Sporting a White Sox jacket and some rather square dad-esque jeans (Bugle Boy?), lefty President Obama did a perfectly respectable job throwing out the first pitch at the All-Star game in St Louis this evening.
Though it was tough to tell on TV, the president *seemed to* throw the ball over the plate to Cardinal first baseman Albert Pujols, who inched up from a catcher's normal spot.
There were some scattered boos, but more cheers.
Smiling like he just clinched the final game of the World Series, the president then pumped his arm, seemingly pleased with the high-pressure pitch he'd been practicing.
President Obama joined sportscasters Joe Buck and Tim McCarver for some chit-chat in the FOX booth.
Why wear the White Sox jacket? He was asked.
"I'm a White Sox fan and my wife thinks I look cute in this jacket so why not?" said the president.
Unlike some White Sox fans, the president noted that he is NOT a Cubs hater, "I just don’t root for them."
To meet Stan Musial and Stan Gibson on the field, he said, was "such a reminder about what's great about this country, and you can't beat it."
Was his heart pounding beneath the jacket before the pitch?
The president coolly pointed out that he'd thrown out a first pitch during the American League Championship Series in 2005 when the White Sox hosted the Angels.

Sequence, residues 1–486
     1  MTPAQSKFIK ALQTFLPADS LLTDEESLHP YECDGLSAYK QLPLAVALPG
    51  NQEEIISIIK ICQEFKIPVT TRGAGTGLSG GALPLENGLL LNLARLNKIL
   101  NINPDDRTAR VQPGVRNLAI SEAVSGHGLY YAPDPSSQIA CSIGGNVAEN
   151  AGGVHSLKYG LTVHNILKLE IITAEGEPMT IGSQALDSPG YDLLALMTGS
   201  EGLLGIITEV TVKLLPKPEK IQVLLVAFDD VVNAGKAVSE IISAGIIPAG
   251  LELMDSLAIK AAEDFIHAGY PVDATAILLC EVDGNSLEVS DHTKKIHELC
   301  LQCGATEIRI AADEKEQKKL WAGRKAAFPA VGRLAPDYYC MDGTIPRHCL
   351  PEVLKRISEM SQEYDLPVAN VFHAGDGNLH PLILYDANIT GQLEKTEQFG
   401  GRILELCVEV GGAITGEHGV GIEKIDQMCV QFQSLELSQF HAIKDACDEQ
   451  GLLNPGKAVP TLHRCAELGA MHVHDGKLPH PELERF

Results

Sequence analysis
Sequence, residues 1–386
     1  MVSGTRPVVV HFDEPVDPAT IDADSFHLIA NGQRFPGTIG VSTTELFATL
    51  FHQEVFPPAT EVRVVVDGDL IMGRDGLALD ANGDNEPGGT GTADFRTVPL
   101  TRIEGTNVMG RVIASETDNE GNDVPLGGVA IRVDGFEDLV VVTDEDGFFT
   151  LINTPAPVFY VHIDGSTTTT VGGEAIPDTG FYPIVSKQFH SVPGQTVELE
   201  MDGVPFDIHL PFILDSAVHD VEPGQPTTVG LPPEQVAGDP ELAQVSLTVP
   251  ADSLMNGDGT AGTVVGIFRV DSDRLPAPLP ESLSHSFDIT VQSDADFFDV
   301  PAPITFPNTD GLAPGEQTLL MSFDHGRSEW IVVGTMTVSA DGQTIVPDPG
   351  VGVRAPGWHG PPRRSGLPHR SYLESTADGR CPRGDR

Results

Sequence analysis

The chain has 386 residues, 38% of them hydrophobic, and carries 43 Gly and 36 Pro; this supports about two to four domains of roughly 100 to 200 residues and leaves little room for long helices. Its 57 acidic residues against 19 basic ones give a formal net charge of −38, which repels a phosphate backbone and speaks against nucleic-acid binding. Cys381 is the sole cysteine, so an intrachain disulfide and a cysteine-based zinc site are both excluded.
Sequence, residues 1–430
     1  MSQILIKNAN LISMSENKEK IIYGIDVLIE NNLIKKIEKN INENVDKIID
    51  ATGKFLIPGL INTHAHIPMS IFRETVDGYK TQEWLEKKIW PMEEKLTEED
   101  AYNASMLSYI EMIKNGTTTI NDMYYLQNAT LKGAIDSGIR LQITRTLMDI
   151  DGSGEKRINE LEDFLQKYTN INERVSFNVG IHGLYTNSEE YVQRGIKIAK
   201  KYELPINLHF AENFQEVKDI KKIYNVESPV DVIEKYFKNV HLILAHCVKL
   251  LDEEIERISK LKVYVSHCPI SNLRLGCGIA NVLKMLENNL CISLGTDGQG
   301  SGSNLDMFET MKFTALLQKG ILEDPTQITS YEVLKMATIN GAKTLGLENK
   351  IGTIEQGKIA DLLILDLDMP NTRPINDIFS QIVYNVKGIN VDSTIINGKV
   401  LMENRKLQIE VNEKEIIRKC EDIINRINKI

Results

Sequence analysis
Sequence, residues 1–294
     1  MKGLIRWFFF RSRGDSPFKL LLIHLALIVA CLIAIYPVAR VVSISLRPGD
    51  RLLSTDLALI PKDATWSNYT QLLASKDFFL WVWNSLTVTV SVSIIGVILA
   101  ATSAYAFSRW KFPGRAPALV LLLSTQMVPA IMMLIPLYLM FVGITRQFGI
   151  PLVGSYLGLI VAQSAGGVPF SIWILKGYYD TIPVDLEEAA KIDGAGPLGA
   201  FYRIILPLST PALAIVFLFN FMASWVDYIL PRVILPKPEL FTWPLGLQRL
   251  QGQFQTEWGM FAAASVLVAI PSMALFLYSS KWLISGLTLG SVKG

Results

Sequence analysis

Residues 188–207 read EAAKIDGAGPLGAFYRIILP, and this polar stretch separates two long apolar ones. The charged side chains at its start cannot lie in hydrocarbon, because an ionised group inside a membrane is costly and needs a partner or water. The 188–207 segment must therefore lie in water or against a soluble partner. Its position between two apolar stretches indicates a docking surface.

But "when you're a senator they show you no respect," he joked, and he didn't get to warm up four years ago. This time he did, and "we did a little practicing in the Rose Garden." He noted that after he threw out the first pitch, the White Sox won their next eight games.
The sportscasters noted that the last two teams he predicted would win it all -- the North Carolina Tarheels for the NCAA Men's Basketball Tournament and the Pittsburgh Steelers for the Super Bowl -- won. So he's "two for two." Did he have any predictions for this year's World Series?
"It's a little early," he joked, "I tend to get a little more information" before he makes picks like that.
The president said there's "a lot of parity" across MLB, "which I think is terrific….Everybody around the country, there's a little hope for their team, except for maybe the Nationals."
The president pointed out that All Star and Phillies center fielder Shane Victorino, "is a Hawaiian kid." Former Phillies catcher McCarver pointed out that Victorino is the first "position player to come out of Hawaii," though three pitchers have hailed from the president's home state.
It was pointed out to the president that the National League hasn’t won the All Star Game since 1996 when he was starting his political career.
"This is a problem," the president said, asking Buck and McCarver, "what's your best theory on this?" Three or four years' worth of losing is one thing, you can say it's "just happenstance," but this was something else. McCarver cited the American League's designated hitter rule.
"So there's no bailout plan for the National League?" Buck asked, laughing.
"No," said the president, "we're out of money."